Antique Hawthorne Strainer
I picked up a very old Hawthorne Strainer at a vintage fair. The seller had it labeled as a tea strainer and could not provide any real info. I'm trying to find a bit more about it, but can't seem to find too much online - no pictures, no eBay auctions.
I assume it's a very early one because it has a stamp on the back that says:
PAT. OCT. 11, 1892
24 AVERY STREET
I found this, which explains a lot, but I'm still left wondering about when mine was actually made, how common they were, etc.
The main difference between the one I have and the one pictured in the design patent is that instead of a double row of punched holes around the edge, mine has holes spelling "HAWTHORNE."
Does anyone know more about these, or who/where to look for more info? Any help would be greatly appreciated. Thanks in advance.
I recently picked up one of these Vaseline Glass Juicers on ebay for $10. It is amazing. I used to have a smaller clear glass one that did not work as well. The swirls, and size of the reamer make this one a joy to use. Great price on this one, but it has a chip or two:
Nice. I see those a lot at Brimfield, which is where I got my strainer. The dealer had it labeled as an "early tea strainer." If it had been a yard sale I would have felt bad buying it when the owner clearly didn't know what it was, but I think an antique dealer should know better.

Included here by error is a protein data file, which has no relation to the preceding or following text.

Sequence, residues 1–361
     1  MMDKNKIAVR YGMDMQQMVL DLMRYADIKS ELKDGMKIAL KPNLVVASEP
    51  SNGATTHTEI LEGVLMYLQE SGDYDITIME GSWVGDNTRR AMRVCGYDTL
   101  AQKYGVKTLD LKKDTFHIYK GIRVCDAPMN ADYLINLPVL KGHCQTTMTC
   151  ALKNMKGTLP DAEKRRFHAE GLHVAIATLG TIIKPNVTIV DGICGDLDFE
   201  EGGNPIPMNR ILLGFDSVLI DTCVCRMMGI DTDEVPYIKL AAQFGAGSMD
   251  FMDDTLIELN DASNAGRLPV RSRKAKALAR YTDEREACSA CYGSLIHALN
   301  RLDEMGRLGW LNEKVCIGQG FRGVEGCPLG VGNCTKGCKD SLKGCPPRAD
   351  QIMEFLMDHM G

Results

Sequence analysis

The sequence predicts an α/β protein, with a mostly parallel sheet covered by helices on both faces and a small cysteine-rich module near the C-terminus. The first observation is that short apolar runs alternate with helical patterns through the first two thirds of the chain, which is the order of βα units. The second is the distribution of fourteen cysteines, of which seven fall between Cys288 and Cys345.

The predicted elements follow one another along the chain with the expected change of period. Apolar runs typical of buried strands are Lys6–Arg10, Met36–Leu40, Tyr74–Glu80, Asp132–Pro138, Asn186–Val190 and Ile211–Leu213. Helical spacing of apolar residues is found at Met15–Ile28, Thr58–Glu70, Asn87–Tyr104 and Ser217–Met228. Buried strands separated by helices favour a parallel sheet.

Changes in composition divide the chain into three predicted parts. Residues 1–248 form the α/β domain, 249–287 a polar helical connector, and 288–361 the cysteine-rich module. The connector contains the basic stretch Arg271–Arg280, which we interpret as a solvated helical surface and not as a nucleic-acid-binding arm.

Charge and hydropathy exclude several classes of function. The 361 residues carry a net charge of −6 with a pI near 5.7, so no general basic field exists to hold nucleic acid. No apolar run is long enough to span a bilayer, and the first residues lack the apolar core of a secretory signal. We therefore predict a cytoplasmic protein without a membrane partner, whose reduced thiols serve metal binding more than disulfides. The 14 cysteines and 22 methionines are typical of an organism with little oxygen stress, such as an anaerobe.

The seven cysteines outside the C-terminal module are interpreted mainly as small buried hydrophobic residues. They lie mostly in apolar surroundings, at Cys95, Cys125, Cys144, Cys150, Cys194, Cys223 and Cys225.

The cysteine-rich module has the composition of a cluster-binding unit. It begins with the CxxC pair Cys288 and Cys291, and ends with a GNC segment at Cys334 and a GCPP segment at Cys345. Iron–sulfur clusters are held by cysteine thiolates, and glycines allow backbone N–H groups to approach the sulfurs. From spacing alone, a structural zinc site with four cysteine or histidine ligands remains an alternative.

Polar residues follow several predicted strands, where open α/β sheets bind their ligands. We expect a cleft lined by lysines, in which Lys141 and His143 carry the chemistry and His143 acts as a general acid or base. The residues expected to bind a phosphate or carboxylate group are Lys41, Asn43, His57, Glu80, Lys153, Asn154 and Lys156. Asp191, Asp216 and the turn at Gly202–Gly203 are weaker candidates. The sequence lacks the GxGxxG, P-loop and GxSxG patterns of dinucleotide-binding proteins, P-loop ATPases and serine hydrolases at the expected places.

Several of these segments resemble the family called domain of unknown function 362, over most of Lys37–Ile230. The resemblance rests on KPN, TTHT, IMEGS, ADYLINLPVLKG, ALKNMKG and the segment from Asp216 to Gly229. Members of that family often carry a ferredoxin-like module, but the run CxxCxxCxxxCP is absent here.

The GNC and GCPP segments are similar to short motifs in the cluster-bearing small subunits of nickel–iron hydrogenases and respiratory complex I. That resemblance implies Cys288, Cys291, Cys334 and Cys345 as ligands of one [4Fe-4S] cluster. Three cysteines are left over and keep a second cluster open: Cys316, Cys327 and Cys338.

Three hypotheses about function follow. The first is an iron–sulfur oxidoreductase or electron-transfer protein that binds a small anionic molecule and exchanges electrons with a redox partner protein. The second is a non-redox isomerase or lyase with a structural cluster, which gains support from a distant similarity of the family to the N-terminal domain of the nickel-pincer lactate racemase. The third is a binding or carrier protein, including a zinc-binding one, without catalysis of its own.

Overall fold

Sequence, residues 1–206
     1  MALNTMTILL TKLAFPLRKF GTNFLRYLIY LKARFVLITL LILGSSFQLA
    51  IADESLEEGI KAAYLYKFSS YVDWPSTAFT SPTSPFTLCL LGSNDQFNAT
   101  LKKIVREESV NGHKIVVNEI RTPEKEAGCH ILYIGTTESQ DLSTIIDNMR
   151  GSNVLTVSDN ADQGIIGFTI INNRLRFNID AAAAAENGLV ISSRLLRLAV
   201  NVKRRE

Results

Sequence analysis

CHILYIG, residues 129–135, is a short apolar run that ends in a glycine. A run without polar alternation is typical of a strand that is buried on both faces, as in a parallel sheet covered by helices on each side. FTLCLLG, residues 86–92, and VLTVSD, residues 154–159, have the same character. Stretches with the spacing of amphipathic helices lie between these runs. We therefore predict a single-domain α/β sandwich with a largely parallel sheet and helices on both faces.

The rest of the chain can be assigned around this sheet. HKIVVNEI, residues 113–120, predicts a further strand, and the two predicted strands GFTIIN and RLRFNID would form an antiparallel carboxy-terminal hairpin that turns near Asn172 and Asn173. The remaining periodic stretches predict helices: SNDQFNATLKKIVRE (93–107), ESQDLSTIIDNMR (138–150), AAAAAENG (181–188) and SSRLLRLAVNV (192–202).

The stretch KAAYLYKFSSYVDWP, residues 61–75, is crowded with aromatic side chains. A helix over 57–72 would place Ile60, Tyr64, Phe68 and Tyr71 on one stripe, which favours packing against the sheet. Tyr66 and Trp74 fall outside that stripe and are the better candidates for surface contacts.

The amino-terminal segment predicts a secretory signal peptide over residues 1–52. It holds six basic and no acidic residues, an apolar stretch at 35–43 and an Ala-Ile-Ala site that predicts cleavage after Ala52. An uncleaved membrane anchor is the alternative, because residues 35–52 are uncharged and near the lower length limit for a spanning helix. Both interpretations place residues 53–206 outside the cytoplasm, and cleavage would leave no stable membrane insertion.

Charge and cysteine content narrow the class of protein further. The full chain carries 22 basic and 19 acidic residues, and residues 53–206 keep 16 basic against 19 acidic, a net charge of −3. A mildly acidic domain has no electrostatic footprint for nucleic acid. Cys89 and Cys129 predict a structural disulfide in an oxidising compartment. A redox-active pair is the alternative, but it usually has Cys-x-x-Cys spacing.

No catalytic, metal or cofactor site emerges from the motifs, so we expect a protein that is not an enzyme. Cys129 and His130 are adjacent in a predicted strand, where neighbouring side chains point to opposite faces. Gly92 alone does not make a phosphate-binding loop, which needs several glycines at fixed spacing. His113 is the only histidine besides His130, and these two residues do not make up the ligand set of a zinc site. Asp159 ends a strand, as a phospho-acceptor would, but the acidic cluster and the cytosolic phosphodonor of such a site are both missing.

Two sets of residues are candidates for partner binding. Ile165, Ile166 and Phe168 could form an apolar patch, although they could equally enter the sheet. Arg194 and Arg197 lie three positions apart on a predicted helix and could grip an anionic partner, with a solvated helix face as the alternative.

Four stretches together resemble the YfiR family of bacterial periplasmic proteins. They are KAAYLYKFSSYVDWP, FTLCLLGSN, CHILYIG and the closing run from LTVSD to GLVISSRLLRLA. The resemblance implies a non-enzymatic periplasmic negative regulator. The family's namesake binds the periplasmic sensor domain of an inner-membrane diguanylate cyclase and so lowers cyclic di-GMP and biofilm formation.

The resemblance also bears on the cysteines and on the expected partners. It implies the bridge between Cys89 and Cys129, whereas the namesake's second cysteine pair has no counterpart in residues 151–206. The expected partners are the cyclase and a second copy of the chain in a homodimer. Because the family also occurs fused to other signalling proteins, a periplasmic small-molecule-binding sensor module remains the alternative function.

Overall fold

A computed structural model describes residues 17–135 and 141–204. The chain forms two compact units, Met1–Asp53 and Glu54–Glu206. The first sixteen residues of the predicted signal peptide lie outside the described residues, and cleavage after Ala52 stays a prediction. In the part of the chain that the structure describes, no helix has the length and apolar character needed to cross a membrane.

You are under no ethical obligation to tell a dealer what they are selling. If it's a little old lady... then I would always err on the side of compensating them appropriately.
I use to have a bit of a problem collecting old decanters and the like. Check out this cocktail shaker. It's HUGE 14 inches tall, signed Hawkes, the fixtures are sterling. I think I paid $50 on ebay for it.
The other pics are just some of my random collection.
You've got a problem.
Back to the orginal post: that is an awesome find. I'm especially intrigued by the fact it was made in Boston. As you probably know, the history of the Boston shaker (which is where you frequently would use a Hawthorne strainer) is unclear. I wonder if provides another piece of the puzzle? Perhaps Ted Haigh could opine on this...
The Boston history is a huge plus for me. I wanted to see if the company that made it was still standing, but it's now the Ritz-Carlton residences.
I came across this, which seems to explain the Hawthorne name. (How about that for some marketing?) I wonder if someone more skilled could dig up a history, maybe pictures, of that bar.